Remember when BYU offensive coordinator Robert Anae wasn't the most popular coach in Provo? Now as BYU enters its second bye week with a 6-2 record, Cougar fans should be throwing Anae a parade in front of LaVell Edwards Stadium.
After all, he is the main man responsible for resurrecting the BYU offense.
No, BYU's offense isn't flawless by any stretch of the imagination. The Cougars still have some work to do on finishing drives with touchdowns as well as not shooting themselves in the foot with silly mistakes and drive-killing penalties.
But it is most certainly back from the dead. In fact, BYU is No. 12 nationally in total offense.
What a difference a few weeks make.
Cougar fans and the local Utah media aren't the only ones to pick up on Anae's transformation of the offense. Ralph Russo of the Associated Press wrote about BYU's up-tempo transformation, praising the progress the Cougar offense has made:
"And it's working great. An offense that struggled against good competition last year is not just running more plays, but gaining more yards and scoring more points per play."
High praise indeed.
However, it wasn't too long ago BYU fans were grumbling about Anae and the offense. The Cougar offense wasn't very effective against Virginia (16 points, 362 yards total offense) and arch-rival Utah (13 points, 402 yards total offense).
The charges against Anae were familiar ones from the last time he was the offensive coordinator. The chief complaint was that Anae's offense is too predictable. Even after BYU's rout of Texas, many BYU fans weren't satisfied with BYU's apparent lack of progress. That's what a tough rivalry loss will do to how the fans view a coach.
Since then, however, BYU's offense has improved by leaps and bounds. Compared to last season, the Cougar offense has drastically improved in rushing yards per game (258.8 vs. 153.1), total yards per game (511.1 vs. 400.4), plays per game (89.8 vs. 77.1) and points per game (32.4 vs. 28.7). While the passing yards per game is essentially a wash (252.4 vs. 247.2), what's remarkable is that BYU averaged just 152 yards in its first two games.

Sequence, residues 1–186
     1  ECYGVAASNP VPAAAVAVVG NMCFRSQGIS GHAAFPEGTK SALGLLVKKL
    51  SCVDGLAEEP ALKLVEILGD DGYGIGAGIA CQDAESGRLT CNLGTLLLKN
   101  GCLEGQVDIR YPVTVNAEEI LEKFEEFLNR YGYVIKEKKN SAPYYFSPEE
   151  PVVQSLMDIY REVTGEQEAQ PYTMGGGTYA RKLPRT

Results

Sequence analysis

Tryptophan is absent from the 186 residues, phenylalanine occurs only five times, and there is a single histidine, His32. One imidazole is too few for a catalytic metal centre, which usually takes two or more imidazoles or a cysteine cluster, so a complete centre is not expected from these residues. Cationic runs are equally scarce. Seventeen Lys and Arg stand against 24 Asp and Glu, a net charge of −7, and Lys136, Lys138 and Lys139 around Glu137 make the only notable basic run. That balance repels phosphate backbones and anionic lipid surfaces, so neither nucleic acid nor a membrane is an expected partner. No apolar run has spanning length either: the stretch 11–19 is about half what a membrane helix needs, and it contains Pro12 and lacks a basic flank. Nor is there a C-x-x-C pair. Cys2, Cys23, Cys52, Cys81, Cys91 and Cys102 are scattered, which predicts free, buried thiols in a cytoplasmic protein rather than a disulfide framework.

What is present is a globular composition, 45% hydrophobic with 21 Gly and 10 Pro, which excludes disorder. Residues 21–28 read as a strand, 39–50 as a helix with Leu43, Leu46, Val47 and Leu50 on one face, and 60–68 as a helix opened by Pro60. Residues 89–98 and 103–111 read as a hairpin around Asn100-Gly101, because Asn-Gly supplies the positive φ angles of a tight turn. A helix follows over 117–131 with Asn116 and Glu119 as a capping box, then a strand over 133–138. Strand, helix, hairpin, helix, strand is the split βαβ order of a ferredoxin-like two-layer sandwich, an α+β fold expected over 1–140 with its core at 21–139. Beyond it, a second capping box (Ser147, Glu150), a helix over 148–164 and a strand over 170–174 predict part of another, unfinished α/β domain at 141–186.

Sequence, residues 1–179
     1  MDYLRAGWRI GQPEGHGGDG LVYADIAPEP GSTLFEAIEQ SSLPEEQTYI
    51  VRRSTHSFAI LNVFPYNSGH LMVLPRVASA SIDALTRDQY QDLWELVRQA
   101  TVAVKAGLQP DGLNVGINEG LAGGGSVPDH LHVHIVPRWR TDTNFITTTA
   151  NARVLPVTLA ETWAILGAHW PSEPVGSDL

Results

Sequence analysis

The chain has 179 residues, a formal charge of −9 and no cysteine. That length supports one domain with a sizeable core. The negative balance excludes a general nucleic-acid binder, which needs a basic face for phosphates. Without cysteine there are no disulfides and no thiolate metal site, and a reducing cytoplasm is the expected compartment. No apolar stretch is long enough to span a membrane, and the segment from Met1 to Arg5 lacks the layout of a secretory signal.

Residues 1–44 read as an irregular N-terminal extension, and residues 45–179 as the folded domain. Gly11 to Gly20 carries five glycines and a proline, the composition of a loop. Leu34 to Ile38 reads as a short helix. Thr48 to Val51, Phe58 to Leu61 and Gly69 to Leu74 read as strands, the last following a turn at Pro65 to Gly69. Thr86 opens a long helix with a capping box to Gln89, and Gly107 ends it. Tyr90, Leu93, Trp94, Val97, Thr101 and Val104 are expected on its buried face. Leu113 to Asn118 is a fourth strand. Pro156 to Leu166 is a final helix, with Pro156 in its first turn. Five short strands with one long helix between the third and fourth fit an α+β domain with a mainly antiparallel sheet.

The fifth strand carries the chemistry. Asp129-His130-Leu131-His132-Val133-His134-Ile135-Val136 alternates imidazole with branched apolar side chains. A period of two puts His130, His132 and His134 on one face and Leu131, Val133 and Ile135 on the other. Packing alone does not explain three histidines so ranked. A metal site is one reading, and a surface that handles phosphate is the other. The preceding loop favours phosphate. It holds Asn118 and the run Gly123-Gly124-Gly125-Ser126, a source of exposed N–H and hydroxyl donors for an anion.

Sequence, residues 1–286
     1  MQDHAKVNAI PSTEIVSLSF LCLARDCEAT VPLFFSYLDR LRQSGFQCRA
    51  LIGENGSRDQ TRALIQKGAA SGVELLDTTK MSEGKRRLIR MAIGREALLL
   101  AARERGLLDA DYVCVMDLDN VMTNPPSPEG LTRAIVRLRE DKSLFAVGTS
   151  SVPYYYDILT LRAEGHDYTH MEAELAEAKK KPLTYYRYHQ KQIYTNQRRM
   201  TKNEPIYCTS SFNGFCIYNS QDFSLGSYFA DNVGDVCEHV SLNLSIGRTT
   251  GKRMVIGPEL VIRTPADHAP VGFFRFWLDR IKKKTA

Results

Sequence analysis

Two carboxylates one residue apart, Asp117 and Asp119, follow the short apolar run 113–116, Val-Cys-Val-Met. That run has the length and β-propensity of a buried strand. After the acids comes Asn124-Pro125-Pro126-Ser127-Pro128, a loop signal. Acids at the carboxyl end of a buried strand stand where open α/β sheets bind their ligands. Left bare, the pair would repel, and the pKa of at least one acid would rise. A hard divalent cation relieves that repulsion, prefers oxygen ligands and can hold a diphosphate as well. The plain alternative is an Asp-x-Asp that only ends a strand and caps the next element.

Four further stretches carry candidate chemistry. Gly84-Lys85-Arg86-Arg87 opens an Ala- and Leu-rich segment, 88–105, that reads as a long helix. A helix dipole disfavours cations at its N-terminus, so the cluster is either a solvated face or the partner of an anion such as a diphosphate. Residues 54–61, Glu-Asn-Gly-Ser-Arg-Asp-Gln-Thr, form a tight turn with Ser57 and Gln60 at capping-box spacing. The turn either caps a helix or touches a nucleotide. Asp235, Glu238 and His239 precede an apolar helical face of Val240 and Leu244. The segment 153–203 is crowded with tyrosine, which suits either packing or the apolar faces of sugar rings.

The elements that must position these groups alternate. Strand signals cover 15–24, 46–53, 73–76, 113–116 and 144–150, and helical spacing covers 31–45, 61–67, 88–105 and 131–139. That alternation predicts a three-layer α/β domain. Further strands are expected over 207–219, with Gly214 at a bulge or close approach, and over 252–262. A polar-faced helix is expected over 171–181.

In the last two games against Houston and Boise State, Taysom Hill averaged 378 yards passing per game. Hill won the Capital One Cup Impact Performance of the Week after his 545 yards of total offense against Houston, despite taking eight sacks.
Yes, there are times even now where Anae's offense becomes a bit conservative and predictable. The Cougar offense sputtered against Boise State after Mitch Mathews caught a 40-yard touchdown pass from Hill to put BYU up 31-6. The Cougars went three-and-out four times and scored just six points after that touchdown, and three of those points came from a Boise State fumble, followed by a personal foul penalty that put BYU inside the blue zone.
Still, can anyone complain now that BYU can win with its offense as well as its defense?
Take the game at Houston again as an example. If BYU had given up 46 points last season to this same team, the Cougars would have lost that game in a rout. While the Cougars scored more than 46 points three times last season, that was against bottom-dwellers like Hawaii (3-9), Idaho (1-11) and New Mexico State (1-11). This game probably would have ended like BYU's 42-24 loss to Oregon State.
The fact that BYU scored 47 points and won the game speaks volumes on how far this team has come. It's also remarkable when you think BYU scored 37 points on Boise State when this same offense was only able to score six last season.
The question remains if the rejuvenated BYU offense can win on the road against a ranked opponent, and we'll find out as the Cougars travel to No. 24 Wisconsin on Nov. 9. However, one thing is certain as BYU prepares for its next big test:
Anae has resurrected BYU's offense, and he deserves a tip of the hat.
Lafe Peavler is a sportswriter intern at the Deseret News. Follow him on Twitter @MasterPeavler